Note: Leave the sodium ions where they are now as you answer questions 3-8, but close the sodium channel. If you used Post-itTM notes to mark “negative” and “positive” remove these notes now.

3.     Look at the numbers of sodium ions on each side of the cell membrane now. Compared to the number in each pan at rest, are there: (circle one) (1 point)

a.     More sodium ions inside the cell now than there were before, or

b.     Fewer sodium ions inside the cell now than there were before?

4.     Based on your answer to question 3, do you think the internal medium of the cell is:  (circle one)

a.     More negative than it was before, or

b.     More positive than it was before?

Explain. (2 points)

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5.     Look at the numbers of lima beans in the pans, both inside and outside the cell. If the potassium channel was suddenly opened so that potassium ions could move across the cell membrane:

a.     Which direction would they tend to move based on their concentration: into or out of the cell? Explain. (2 points)

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b.     Which direction would they tend to move based on their charge: into or out of the cell? Explain. (2 points)

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6.     A potassium channel opens for one to three milliseconds. Follow the directions in number 2 above, except now you must open the potassium channel. Remember to decide which direction the potassium will move based on your answers to questions 5a and 5b before the teacher gives the signal for the timing to begin.

7.     Look at the numbers of potassium ions on each side of the cell membrane now. Compared to the number in each pan at rest, are there:  (circle one) (1 point)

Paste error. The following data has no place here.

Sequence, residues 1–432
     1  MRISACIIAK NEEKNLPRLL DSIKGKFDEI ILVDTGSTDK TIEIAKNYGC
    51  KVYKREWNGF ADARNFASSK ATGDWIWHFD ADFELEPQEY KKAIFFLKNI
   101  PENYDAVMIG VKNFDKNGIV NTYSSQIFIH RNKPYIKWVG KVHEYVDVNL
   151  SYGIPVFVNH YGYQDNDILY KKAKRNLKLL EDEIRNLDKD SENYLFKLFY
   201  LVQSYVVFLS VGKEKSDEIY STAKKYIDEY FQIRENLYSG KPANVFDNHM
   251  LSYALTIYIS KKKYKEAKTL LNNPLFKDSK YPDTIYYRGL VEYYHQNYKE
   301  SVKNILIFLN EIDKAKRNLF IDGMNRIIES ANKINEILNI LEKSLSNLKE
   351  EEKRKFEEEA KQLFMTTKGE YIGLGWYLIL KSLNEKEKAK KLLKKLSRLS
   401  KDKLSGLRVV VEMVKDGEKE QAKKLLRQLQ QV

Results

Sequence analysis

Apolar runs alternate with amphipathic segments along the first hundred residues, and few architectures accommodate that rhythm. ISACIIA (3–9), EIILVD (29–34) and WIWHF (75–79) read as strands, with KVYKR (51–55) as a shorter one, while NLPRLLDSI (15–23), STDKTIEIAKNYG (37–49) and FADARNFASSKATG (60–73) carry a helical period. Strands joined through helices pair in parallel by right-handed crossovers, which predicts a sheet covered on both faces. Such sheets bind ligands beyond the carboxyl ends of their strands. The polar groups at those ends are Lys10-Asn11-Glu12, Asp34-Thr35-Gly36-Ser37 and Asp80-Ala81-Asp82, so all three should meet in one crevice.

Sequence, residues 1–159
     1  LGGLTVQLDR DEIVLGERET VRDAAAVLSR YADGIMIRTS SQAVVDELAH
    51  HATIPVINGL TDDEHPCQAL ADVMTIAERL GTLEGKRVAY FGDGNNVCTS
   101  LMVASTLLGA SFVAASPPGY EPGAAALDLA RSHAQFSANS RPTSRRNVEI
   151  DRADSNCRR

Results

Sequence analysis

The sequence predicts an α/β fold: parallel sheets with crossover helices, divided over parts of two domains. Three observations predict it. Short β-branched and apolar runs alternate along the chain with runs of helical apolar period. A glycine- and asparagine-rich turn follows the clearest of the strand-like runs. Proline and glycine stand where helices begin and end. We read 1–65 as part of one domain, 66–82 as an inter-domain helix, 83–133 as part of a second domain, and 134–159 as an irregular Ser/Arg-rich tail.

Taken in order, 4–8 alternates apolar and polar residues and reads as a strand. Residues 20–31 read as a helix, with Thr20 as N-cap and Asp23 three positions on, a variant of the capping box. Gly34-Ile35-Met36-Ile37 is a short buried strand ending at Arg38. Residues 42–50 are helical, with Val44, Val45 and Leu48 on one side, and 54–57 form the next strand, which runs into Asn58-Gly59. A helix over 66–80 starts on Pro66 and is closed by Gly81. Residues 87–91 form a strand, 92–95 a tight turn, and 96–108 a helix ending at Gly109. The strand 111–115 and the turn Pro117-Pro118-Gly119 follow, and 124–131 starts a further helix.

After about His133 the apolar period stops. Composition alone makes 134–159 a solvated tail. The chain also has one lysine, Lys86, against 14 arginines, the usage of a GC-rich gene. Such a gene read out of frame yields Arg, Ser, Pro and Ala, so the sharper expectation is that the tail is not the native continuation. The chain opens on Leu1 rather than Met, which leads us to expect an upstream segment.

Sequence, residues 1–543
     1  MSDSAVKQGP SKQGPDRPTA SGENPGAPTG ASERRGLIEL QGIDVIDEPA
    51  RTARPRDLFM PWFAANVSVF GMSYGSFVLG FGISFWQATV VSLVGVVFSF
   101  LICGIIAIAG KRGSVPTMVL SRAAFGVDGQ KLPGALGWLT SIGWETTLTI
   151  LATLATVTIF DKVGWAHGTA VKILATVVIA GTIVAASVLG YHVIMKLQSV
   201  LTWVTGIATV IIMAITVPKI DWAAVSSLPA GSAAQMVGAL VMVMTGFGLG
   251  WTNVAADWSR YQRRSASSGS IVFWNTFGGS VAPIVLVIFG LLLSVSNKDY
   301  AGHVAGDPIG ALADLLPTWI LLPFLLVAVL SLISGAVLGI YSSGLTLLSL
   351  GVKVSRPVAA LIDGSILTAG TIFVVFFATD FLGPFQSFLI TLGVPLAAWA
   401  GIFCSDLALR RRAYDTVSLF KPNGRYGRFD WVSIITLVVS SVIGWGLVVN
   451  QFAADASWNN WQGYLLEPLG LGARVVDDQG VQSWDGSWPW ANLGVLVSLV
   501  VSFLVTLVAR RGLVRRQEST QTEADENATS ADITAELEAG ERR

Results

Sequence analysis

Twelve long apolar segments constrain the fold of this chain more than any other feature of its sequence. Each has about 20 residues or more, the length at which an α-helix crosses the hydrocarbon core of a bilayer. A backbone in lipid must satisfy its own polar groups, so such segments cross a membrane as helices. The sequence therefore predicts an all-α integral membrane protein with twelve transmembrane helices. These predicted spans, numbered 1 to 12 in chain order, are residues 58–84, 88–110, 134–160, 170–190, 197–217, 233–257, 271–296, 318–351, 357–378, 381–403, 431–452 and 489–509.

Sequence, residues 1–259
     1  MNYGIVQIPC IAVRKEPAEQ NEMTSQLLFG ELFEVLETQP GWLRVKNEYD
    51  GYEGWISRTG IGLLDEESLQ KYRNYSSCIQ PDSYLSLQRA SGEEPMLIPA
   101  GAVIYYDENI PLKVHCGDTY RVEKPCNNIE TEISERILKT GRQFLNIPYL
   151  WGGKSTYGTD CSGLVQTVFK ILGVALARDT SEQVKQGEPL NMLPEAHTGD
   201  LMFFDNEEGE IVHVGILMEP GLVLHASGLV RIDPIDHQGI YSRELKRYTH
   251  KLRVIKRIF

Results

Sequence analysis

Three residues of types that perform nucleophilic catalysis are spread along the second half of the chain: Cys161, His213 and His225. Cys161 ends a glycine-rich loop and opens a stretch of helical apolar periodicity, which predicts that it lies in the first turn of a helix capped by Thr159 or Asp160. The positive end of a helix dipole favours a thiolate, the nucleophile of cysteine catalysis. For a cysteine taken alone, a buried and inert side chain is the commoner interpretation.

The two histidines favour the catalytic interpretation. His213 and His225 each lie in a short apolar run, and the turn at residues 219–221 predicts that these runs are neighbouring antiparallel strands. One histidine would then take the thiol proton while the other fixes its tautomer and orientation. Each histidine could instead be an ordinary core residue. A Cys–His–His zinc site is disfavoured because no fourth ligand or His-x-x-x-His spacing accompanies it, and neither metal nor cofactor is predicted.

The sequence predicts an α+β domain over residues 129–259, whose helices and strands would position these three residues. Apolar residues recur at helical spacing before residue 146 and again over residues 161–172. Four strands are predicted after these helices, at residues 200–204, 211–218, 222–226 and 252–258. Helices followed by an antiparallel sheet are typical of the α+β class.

a.     More potassium ions inside the cell now than there were before, or

b.     Fewer potassium ions inside the cell now than there were before?

8.     Based on your answer to question 7, do you think the internal medium of the cell is: (circle one)

a.     More negative than it was before you had opened the potassium channel (but after you had opened the sodium channel and moved the peas), or

b.     More positive than it was before you had opened the potassium channel (but after you had opened the sodium channel and moved the peas)?

Explain. (2 points)

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9.     In the nerve cell axon, something happens called sodium channel inactivation. This means that after the sodium gates open and close, they cannot open again for a few milliseconds.  (3 points)

a.     What is this period of time called?_________________________________________

b.     If you were to line up a number of your models to represent a longer stretch of a nerve cell axon, what effect would this have on the action potential? (LET'S TRY IT!)

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c.      Does it make a difference if you start at one end of the long line, or in the middle? Explain.

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10.  After a lot of action potentials have occurred, will enough peas/beans/ions move to change significantly the concentration gradients you set up initially when your model was at rest? Would the sodium and potassium ions continue to move as they did during the action potential you simulated in this activity?  (2 points)

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11.  In order to continue functioning properly, the cell must now somehow get back to its resting state. How might the cell do this? (1 point)

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12.  The simulation you have completed is with a model of an unmyelinated neuron. How would a myelinated neuron simulation differ? (1 point)